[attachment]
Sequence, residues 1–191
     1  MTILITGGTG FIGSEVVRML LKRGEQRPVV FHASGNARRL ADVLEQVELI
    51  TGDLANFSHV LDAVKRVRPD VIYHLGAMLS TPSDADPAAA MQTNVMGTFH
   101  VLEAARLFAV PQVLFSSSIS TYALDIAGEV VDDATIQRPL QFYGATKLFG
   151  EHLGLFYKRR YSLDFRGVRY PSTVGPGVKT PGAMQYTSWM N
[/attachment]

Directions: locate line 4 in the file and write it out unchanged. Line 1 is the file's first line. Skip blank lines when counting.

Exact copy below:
   101  VLEAARLFAV PQVLFSSSIS TYALDIAGEV VDDATIQRPL QFYGATKLFG